Two key unions at United Airlines are making their boldest moves yet against Chief Executive Glenn Tilton in a showdown over threats to pension plans.
On Wednesday, the eve of a United board meeting, the International Association of Machinists and Aerospace Workers asked the bankruptcy court to appoint a trustee to oversee United's bankruptcy, saying management has "thrown away the trust and respect of its employees."
Separately, the Association of Flight Attendants said Wednesday there has been "tremendous turnout" for a vote of no confidence in management posted late Tuesday on the union's Web site.
"Your vote of no confidence is needed to send a clear and compelling message" to management that it has failed, union leaders tell members in a letter on the Web site.
While United has secured major concessions from employees in its 20-month bankruptcy, Tilton appears to have pushed employees too far by announcing in July that United would stop paying into employee pension plans. The company said it needed the money after failing to secure a $1.1 billion federal loan guarantee to exit bankruptcy.
For more than a year, Tilton tried to keep from touching the company's pension plans, which the government estimates are underfunded by at least $7.5 billion. Now, many believe United will terminate the plans altogether to help attract exit financing.
Union leaders have vowed not to sacrifice their retirement plans. In addition to the trustee request, the machinists this week also objected to United's request for a four-month extension of the time in which the airline can file a plan of reorganization.
"United's creditors must be allowed to explore alternatives and not be held hostage by a failed management team," the union said in a statement.
The U.S. Bankruptcy Court in Chicago is scheduled to consider United's extension request Aug. 20 and the union's motion for a trustee in mid-September.
United spokesman Rich Nelson said Wednesday that "no amount of highly charged rhetoric and baseless legal filings will make the difficult issues standing between United and exit disappear. What we need now are constructive engagement and workable solutions."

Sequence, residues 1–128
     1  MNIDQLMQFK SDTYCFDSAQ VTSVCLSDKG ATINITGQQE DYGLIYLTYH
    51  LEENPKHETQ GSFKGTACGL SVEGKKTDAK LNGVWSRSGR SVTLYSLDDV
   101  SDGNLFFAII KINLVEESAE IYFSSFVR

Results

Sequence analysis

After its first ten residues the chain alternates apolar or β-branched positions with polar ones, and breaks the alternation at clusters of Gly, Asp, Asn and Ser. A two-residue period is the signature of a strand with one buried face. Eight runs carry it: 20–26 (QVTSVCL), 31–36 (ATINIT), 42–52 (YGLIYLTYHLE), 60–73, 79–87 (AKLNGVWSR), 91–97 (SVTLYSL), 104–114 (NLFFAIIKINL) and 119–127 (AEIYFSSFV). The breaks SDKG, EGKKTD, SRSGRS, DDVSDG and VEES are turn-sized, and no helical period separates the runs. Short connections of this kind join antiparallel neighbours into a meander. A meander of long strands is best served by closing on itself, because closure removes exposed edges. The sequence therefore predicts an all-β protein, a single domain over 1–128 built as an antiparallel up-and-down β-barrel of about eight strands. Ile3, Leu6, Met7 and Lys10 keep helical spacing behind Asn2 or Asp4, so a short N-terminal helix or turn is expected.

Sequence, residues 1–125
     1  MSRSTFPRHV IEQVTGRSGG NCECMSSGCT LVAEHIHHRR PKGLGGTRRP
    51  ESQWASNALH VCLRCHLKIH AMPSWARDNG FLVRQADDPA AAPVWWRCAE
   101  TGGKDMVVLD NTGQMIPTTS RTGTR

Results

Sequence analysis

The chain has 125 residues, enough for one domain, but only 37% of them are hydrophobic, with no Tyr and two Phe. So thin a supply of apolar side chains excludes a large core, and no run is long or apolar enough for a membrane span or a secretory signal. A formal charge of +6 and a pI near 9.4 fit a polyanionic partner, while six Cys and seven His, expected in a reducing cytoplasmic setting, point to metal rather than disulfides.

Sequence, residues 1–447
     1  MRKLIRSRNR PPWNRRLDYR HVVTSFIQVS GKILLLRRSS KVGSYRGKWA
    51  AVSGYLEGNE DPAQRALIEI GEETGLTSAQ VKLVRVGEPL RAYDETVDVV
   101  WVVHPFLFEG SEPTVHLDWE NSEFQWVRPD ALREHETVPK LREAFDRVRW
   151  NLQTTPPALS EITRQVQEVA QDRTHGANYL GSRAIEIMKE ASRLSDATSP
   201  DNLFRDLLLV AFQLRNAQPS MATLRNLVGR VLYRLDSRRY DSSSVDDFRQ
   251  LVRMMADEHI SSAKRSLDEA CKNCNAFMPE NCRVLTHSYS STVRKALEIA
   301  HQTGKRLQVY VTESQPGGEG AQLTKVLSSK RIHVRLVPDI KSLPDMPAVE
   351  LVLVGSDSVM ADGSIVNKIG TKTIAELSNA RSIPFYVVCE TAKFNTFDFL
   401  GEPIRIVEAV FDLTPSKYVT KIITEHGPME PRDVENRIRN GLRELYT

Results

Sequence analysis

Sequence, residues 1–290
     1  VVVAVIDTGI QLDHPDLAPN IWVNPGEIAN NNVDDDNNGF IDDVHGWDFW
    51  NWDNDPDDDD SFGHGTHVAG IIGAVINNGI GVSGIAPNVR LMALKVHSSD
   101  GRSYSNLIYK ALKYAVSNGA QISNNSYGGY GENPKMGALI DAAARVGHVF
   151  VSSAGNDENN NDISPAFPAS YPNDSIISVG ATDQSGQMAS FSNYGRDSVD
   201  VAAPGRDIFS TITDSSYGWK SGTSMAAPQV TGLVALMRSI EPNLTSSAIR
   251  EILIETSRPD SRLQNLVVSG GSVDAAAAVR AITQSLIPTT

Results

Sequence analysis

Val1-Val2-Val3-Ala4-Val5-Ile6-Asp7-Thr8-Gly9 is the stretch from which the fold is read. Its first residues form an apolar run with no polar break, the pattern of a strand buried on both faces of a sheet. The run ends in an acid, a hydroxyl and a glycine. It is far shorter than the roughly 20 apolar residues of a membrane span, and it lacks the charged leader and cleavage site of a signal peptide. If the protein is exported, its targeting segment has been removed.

Experts are divided about whether mounting pressure from employees--which includes two machinist union lawsuits against Tilton and other top executives--could topple United management.
A no-confidence vote by the flight attendants' union would be largely symbolic, and it is highly unlikely that the court will appoint a trustee.
"The appointment of a trustee would be staggeringly unusual," said Douglas Baird, a bankruptcy professor at the University of Chicago Law School. "Typically you see trustees appointed in smaller cases when there is fraud or there has been mismanagement. It is very rare for trustees to be appointed in large cases even when there is fraud."
Bankrupt Hawaiian Airlines was assigned a trustee last year after Boeing Co. and other creditors accused executives of putting their interests before those of the creditors.
Many view the machinists' bid to put a trustee in control of United as an uphill battle to save the airline's pension plans.
"They want to kill the messenger," said Ray Neidl, an analyst at Blaylock & Partners in New York.
The message, he said, is that United's pensions are such a drag on the carrier that they might not survive, a fact that would remain even under a trustee or new management.
Still, Neidl said, "when different unions start doing this, it usually means doom for management."
Michael Kayman, a restructuring consultant in Chicago, disagrees. Tilton might leave the carrier after it emerges from bankruptcy, but his job is safe despite union ire, Kayman said.
"It is very, very uncommon this far along into bankruptcy to change management. If there were a change right now, it would suggest that the bankruptcy will continue for a prolonged period because of a dramatic shift in strategy," he said.
For now, workers are using official channels to resolve disputes. But United's labor strife could be particularly damaging if it leads to such low morale that customers begin to notice.Copyright © 2015, Los Angeles Times